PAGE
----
But Shotton wasn't finished making moves. Even as his pesky leadoff hitter, Eddie 'The Brat' Stanky, headed for the plate, Shotton was looking over his bench. He signaled to the fleet Eddie Miksis to go in and run for Reiser on first. Now he had two speedsters on the bases. Then he made the move that was difficult for Brooklyn fans to understand. He called back Stanky and sent aging Harry Arthur "Cookie" Lavagetto to pinch-hit for him. Stanky, a fiery player, slammed his bat to the turf as he fumed past Lavagetto on his way back to the bench.

cookie.jpg (6655 bytes)  There they were Bill Bevens and Cookie Lavagetto facing each other, two journeymen players who would never again wear a major league uniform after this World Series. But for now, for this date with destiny, every eye in the baseball world was upon them.

     Big Bill turned and looked Gionfriddo back into second. Brooklyn fans screamed for a Lavagetto base hit. Sweat poured from beneath Bevens' hat. He hitched his belt. Bent forward for the sign. Straightened. Then threw from the stretch.

     Lavagetto, always a good hitter in clutch situations, swung hard but late on a pitch that was slightly outside. The ball came off the right-hander’s club on a line toward the right field wall.

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     At the crack of the bat the fans broke into even louder hysteria.

     Tommy Henrich's eyes went wide in right field. Playing the right-handed pull-hitter in front of the scoreboard in right-centerfield,  he knew he would have to chase down the carom off the wall. The ball struck high, near the center of the Gem Razorblade sign, bounding away from Henrich who tracked it down, turned, and threw in one motion. But Old Reliable's desperation throw would not beat the flying spikes of Eddie Miksis as he slid across home plate with the winning run.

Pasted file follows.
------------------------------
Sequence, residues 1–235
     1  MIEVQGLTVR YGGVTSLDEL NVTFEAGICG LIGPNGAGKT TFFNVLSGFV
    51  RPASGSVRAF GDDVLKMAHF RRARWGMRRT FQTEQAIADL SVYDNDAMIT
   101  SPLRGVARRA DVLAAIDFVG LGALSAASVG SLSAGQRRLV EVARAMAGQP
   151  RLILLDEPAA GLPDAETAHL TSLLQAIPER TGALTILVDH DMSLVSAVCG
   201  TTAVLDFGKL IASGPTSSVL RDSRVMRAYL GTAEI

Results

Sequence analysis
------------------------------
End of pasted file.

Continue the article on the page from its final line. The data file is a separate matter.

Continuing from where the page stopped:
Gone was Bill Bevens' no-hitter. Gone was the Yankee lead in the Series. All Brooklyn celebrated. All except Eddie Stanky who sat grim faced at the end of the Brooklyn dugout.

lav.jpg (25749 bytes)  The rest of the Dodger players mobbed Lavagetto. From high in his catbird seat 'Red' Barber, voice of the Dodgers, called it this way: "Friends, they're killin' Lavagetto... his own teammates... they're beatin' him to pieces and it's taking a police escort to get Lavagetto away from the Dodgers!"  

     So Bill Bevens lost his bid for the 1st no hitter in World Series History.  He did, however, retain one small, unfortunate niche in the record book.   Fifty-two years later, his 10 walks are still a single-game World Series record.

     Years afterward, Lavagetto had this to say about his famous hit:  "People have asked me for years about that hit off Bevens.  To me it was like any other game.   It was my last year with the club.  The previous spring they had offered me a minor league managing job but I had turned it down because I thought I could play another season in the big leagues.  I was used mostly as a pinch-hitter that year and I did all right as a pinch-hitter.  I think I hit over .250 [.261].  So when I went up there to pinch-hit against Bevens, it was something I had been used to doing all year.  The pitch was right out there and I got hold of it good.  I ran down to first base and turned and saw the two runs scoring and that's all there was to it."


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Lavagetto and winning pitcher Hugh Casey after the game

All images used by permission